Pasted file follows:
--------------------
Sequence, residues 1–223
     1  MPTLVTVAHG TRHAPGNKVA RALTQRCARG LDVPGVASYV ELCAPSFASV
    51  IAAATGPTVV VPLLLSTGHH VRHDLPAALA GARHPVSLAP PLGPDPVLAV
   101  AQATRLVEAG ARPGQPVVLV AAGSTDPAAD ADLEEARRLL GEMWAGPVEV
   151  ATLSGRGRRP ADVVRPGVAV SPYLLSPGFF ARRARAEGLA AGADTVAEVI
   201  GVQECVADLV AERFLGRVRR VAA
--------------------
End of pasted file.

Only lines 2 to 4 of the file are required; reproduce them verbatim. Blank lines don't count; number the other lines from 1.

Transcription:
     1  MPTLVTVAHG TRHAPGNKVA RALTQRCARG LDVPGVASYV ELCAPSFASV
    51  IAAATGPTVV VPLLLSTGHH VRHDLPAALA GARHPVSLAP PLGPDPVLAV
   101  AQATRLVEAG ARPGQPVVLV AAGSTDPAAD ADLEEARRLL GEMWAGPVEV